Ah, the humble potato.  Sure, it isn't really anything extraordinary, merely a root that we dig out of the ground, right?  Oh, no, there you'd be wrong.  Is there any other vegetable that is such a chameleon, that shifts it's texture and taste, and so readily adapts to any recipe?  It can be fluffy and comforting in a dish of mash potatoes.  Elegant and sinfully delicious as a cheesy gratin.  Or it can be crispy and browned on the outside, while buttery and creamy on the inside, the perfect duo of texture, as a simple dish of hashbrowns.

My husband said, with the first forkful on the way to his mouth, "This may be my favorite breakfast ever."  I hope you agree.

Hashbrowns  - adapted from Williams-Sonoma Complete Outdoor Living Cookbook
serves 4 rather large portions, or 6 modest ones

3 lbs potatoes, shredded (use either a food processor with grating disc, a mandolin, or box grater)*
1 small onion, grated (or half a large one)
4 Tbs butter, divided
salt & pepper to taste (Potatoes really suck up the salt, so do be a bit generous, 2 tsp pleases our family, as does using half celery salt, and half salt)

*Russet or golden potatoes work best, as they form a nicer, crispier crust.  I've used red potatoes, and the result is still good, but doesn't quite have the right texture.*

In a large bowl, combine potatoes, onions, and seasoning.

Heat a large, heavy bottomed frying pan over med to med-hi heat, you may need to adjust if your potatoes are browning too rapidly.  Melt 2 Tbs butter in the pan then add the potato mixture, pressing it down firmly with your hands, to form a sort of cake.  Cover with aluminum foil, then top with an upside down plate, to seal in the steam, which will cook the middle of the hashbrown into a lovely, creamy consistency.  Cook for 12 - 15 minutes, until the bottom is nicely browned and crispy.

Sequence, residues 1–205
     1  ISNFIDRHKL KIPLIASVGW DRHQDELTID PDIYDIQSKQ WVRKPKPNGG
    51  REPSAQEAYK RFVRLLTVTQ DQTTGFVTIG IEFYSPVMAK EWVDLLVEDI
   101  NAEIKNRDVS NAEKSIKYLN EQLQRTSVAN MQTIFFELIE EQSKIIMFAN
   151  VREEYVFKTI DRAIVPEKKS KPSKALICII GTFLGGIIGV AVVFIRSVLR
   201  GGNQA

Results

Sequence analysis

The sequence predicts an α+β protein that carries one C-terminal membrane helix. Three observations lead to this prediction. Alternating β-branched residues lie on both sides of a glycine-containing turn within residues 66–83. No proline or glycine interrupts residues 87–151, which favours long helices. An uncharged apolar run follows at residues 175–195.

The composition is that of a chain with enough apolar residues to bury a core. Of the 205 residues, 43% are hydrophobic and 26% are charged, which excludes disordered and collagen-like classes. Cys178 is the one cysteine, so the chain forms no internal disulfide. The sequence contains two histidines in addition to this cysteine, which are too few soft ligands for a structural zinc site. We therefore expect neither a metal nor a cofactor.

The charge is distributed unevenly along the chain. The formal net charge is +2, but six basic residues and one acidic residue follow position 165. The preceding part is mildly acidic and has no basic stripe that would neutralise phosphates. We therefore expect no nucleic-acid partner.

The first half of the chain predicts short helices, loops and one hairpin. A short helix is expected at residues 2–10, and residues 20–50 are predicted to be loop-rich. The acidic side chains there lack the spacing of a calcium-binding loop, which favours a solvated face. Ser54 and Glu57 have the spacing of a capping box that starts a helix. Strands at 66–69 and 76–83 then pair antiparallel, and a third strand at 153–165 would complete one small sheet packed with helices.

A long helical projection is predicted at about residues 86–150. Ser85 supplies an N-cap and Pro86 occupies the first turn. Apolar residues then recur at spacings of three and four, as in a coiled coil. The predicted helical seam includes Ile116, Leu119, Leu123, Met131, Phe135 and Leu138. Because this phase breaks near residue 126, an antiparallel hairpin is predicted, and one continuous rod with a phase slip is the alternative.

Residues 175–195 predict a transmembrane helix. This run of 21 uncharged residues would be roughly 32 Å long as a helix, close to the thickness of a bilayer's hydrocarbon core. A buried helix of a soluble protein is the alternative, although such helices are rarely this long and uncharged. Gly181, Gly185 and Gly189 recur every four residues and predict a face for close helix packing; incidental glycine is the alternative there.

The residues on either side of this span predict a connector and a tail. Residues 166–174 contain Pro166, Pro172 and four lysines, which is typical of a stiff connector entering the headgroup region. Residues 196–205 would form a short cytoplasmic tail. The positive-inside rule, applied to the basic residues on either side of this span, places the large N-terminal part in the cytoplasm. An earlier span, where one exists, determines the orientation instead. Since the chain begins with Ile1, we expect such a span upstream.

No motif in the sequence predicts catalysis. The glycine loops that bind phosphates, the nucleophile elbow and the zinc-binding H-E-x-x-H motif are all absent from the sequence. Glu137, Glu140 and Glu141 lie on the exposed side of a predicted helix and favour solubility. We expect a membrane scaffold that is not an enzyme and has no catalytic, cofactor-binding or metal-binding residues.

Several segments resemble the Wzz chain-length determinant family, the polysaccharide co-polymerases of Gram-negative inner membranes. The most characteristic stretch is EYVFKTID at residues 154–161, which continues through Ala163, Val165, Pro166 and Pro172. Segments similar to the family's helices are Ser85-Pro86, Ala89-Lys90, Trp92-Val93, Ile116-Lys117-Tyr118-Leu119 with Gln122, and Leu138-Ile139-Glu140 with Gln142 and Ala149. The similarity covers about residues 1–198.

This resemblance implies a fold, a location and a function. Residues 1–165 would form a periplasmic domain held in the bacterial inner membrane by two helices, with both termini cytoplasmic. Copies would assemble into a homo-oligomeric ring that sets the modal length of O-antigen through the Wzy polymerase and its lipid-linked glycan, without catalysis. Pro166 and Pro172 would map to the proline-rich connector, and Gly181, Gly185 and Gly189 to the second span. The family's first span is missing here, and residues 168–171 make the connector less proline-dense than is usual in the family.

Carefully remove the plate, then foil, from the pan, using oven mitts, or potholders.  Steam will escape so angle the foil away from you, as you remove it.  Put the plate back over the pan, upside down as before,  and again wearing your mitts, hold tightly to the plate and pan and flip it over, so the plate is now on the bottom and pan on top.  At this point, you may be feeling some serious heat, so set that plate down quickly!  Return the pan to the burner, and melt the other 2 Tbs of butter in it, then slide the hashbrowns back in, browned side up, and re-cover with the foil and plate.  Continue cooking for another 10 minutes, or until nicely browned.

And voila!  Simple, satisfying, and easy to make.  This is perfect served with fried or poached eggs, with the yolks running into the potatoes, making a creamy sauce.  Delicious.

Not bad for a morning's work.  And we're all still in our pajamas.

Thursday, February 17, 2011

Sources of Joy

It has been a fairly decent couple of days, I must say.  How could it not be when yesterday began with this? 

And continued on to this:

Not bad, not bad at all.  This is a seriously beautiful bit of the world to call home, isn't it?

And, while clouds may have rolled in a bit today, and I may have forgotten I was baking granola this morning (oops), and I wasn't able to find any good leeks anywhere (where are all the good leeks!?) to make the recipe I had planned to share with you fine folks...things worked out just fine.  As they usually do.

Let me just say, Dorie Greenspan, you are a culinary goddess.  I've been hoarding her book, Around My French Table, which I borrowed from the library (my sincere apologies to anyone who has it on their hold list!), because it is absolutely, completely marvelous.  This is my kind of food.  Simple, yet elegant.  Nourishing, but a little bit sinful (butter, baby, it is French after all!).  And just so not fussy or awkward.  The kind of food that you sort of drool over (again, apologies to you library folk who use this book after me!) while you read the recipes.  The kind of food you sort of sigh over while you plan your meal.  The kind of food that makes you smile when you take that first bite and think:  Oh yes!  I'm getting giddy all over again just thinking of tonight's dinner.